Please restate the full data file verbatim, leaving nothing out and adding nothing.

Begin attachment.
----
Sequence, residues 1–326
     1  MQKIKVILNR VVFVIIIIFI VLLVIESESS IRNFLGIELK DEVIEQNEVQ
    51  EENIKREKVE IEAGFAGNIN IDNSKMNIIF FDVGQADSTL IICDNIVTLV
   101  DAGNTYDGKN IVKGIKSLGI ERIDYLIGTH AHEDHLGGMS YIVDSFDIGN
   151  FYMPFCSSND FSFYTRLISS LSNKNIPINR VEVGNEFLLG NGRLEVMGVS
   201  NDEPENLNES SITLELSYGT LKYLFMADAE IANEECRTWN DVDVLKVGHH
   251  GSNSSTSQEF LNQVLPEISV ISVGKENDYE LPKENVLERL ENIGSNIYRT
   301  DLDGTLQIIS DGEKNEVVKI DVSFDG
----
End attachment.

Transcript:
Sequence, residues 1–326
     1  MQKIKVILNR VVFVIIIIFI VLLVIESESS IRNFLGIELK DEVIEQNEVQ
    51  EENIKREKVE IEAGFAGNIN IDNSKMNIIF FDVGQADSTL IICDNIVTLV
   101  DAGNTYDGKN IVKGIKSLGI ERIDYLIGTH AHEDHLGGMS YIVDSFDIGN
   151  FYMPFCSSND FSFYTRLISS LSNKNIPINR VEVGNEFLLG NGRLEVMGVS
   201  NDEPENLNES SITLELSYGT LKYLFMADAE IANEECRTWN DVDVLKVGHH
   251  GSNSSTSQEF LNQVLPEISV ISVGKENDYE LPKENVLERL ENIGSNIYRT
   301  DLDGTLQIIS DGEKNEVVKI DVSFDG